I have now been in the Liberty Harbor RV Park for 23 days. The park is an abysmal gravel lot, but they don’t call it “harbor” for no good reason – the redeeming factor is the water views of the Hudson River and million dollar boats on two sides of the adjoining harbor.
Every morning beginning at 6:00am until long after dark, I can hear the ferries and river traffic signaling the ship’s blast of one long and three shorts — “WHOOOOOHHHMMP! WHOMP! WHOMP! WHOMP!” to say “I am underway (one long,) and I am astern, or backing up” (three shorts.) So it is with a little melancholy that I signal my own “one long and three shorts,” and leave behind my beloved Manhattan for who knows how long this time.
It has been interesting to see my friends’ reactions to my new nomadic lifestyle, as they have come to the RV Park to get a look at the new digs. Some “got it” even before I did. (“We always knew you were a gypsy!”) Some didn’t get it at all (“This is the most unusual thing I have ever heard!”) and some thought they got it, but didn’t (“Did the sheets come with it?”) In most cases, I felt like the Freak Show had rolled into town, while a couple got that glimmer in their eye, saying “Yeah, I could see myself living in here!”
My family keeps asking if I would like to move back again, and the answer is unequivocally “No.” The City offered up some of the best years of my life thus far, but it has changed and so have I. Technology has not done the streets of Manhattan any favors, as everyone commutes, communicates, and coagulates with their noses stuck in their smartphones…while fighting their way down a crowded sidewalk, boarding an over packed train, or crossing a busy street. What once resembled the orderly flow of a Formula 500 race is now a game of chaotic bumper cars as people seem to navigate using their white iphones and earbuds like the visually impaired use a white cane. It is commonplace to use the reverse camera angle to give one last “hair check” before heading into the bar. For someone who has such disdain for the phone to start with, I can’t express how annoying this is!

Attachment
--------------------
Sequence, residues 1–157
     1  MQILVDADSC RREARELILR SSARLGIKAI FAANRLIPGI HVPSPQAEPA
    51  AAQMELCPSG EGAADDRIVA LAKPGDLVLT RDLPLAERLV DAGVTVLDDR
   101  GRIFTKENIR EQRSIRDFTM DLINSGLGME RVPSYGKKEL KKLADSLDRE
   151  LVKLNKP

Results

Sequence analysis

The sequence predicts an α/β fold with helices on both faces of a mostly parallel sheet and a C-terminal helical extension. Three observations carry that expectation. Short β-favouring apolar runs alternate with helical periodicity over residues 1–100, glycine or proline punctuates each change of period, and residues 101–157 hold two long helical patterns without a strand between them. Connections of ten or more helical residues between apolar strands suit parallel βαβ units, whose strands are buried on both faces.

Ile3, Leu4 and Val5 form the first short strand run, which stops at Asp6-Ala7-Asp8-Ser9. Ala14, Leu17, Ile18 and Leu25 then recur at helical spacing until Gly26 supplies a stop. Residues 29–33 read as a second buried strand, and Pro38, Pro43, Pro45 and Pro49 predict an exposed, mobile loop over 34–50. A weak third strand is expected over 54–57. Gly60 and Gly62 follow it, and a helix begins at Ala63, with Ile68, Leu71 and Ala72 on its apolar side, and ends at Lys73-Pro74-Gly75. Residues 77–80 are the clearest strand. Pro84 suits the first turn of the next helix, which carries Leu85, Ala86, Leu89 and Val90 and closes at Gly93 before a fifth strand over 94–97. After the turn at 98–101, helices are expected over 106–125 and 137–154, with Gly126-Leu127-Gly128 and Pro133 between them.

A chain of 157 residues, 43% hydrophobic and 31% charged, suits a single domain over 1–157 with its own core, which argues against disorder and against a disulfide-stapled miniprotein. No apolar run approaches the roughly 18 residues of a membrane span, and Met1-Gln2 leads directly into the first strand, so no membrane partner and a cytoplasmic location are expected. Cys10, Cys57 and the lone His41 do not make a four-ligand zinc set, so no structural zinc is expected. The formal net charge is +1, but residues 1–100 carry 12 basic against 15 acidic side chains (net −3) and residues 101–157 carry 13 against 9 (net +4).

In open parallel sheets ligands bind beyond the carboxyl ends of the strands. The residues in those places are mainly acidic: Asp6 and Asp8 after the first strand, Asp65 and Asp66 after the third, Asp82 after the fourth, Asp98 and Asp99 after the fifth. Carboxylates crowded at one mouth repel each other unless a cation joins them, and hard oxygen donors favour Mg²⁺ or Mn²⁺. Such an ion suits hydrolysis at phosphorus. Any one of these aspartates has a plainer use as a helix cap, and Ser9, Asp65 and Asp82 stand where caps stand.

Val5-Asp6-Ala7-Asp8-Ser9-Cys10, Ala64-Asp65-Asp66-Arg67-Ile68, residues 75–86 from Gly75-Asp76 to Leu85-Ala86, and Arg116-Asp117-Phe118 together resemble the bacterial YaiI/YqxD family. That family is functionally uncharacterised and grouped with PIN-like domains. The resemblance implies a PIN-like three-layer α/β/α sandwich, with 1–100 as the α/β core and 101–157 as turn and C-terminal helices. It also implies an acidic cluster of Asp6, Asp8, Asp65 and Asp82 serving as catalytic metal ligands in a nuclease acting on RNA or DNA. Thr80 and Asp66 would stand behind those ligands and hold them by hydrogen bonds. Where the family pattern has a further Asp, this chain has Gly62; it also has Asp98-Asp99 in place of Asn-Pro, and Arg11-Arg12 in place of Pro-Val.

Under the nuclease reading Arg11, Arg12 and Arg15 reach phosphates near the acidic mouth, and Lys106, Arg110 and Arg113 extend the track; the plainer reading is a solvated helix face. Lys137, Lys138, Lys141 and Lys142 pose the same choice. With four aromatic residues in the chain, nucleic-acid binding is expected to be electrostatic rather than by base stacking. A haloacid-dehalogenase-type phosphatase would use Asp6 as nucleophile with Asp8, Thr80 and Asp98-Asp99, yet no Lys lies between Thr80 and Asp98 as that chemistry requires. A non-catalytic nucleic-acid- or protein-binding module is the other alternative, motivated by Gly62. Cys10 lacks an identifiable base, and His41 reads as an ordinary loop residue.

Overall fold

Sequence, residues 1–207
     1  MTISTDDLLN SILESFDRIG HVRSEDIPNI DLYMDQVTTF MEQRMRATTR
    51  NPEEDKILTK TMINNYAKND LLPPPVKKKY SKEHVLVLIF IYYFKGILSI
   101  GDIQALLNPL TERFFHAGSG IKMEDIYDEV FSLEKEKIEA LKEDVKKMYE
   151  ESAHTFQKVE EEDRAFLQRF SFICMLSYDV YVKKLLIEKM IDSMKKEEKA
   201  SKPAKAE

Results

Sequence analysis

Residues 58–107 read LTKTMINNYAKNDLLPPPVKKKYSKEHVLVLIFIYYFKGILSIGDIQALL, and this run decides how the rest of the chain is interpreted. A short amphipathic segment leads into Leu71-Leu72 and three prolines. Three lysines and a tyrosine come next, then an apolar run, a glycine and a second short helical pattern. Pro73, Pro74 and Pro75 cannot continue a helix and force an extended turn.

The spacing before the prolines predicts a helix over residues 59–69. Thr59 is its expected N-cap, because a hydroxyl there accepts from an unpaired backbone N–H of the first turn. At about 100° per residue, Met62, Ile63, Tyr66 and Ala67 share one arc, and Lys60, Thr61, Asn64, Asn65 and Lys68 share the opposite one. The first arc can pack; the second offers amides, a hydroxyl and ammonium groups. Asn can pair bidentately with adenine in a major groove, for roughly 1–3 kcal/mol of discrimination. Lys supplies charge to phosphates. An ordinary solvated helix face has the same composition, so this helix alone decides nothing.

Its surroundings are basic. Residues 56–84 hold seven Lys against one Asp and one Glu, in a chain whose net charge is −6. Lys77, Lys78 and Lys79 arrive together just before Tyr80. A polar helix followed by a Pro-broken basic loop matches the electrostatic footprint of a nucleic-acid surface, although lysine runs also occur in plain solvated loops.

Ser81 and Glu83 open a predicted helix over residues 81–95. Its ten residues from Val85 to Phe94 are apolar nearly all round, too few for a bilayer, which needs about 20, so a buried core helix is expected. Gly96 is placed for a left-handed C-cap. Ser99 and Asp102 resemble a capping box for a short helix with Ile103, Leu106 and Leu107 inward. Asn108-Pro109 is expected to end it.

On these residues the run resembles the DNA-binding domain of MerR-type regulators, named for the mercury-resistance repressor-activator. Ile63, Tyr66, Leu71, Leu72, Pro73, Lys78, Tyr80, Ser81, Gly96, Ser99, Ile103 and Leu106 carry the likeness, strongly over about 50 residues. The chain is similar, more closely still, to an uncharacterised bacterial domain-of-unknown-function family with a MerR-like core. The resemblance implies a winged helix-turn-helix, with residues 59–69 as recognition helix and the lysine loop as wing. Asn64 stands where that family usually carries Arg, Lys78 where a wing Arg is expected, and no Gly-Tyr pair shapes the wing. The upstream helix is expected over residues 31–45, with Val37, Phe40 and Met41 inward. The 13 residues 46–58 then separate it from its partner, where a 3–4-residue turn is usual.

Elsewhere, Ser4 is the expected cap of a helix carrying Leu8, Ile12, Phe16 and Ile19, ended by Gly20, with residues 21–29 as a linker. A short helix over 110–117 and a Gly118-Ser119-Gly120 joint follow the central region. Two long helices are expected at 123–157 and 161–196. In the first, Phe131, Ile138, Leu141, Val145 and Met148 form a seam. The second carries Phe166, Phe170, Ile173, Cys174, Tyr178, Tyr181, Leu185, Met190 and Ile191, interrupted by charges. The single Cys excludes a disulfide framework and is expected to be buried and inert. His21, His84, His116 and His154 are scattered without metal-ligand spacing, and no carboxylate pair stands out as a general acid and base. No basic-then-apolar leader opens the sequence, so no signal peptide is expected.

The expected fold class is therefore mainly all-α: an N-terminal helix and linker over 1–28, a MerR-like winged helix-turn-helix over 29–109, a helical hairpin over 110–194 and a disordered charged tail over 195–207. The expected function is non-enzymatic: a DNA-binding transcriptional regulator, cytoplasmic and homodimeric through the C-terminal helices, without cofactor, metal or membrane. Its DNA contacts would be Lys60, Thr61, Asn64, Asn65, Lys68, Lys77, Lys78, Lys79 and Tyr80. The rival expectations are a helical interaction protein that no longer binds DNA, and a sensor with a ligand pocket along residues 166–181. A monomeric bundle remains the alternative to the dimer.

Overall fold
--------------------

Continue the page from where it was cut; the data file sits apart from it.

But I also had a bit of an epiphany this visit. I did a bit of mental back-tracking to try to figure out when it was that I transitioned from such a “city lover” to a “nature lover.” How did I evolve from thriving on the energy of the jungle that is Manhattan, to now seeking solace in real jungle, or rather at least a tree-lined path?
In thinking back over this metamorphosis, I realized it all began with the 9/11/2001 tragedy. At the time of the attack, my office was on Wall Street. It would be almost two months before we were allowed to return to the downtown area. With our gym now converted to a first responder’s rest area, my friend Deb Marazza and I started looking for exercise in the form of an escape from the sights and smells of smoldering lower Manhattan. Three days a week, we sought out new bike or hike trails, two “city girls” breaking in our new hiking boots in places like Jockey Hollow, Harriman State Park, and Bear Mountain State Park, which was my first experience on the Appalachian Trail. It was during these two months of seeking solace in nature that “A Hiker was Born.” One small defining moment among many during that time…and like the new skyline, there will be no turning back…
So for now, it is back into the woods for this reformed city lover!
“In the end up in his office
In the end a quiet cough is all he has to show
He lives in New York City”
~ John Denver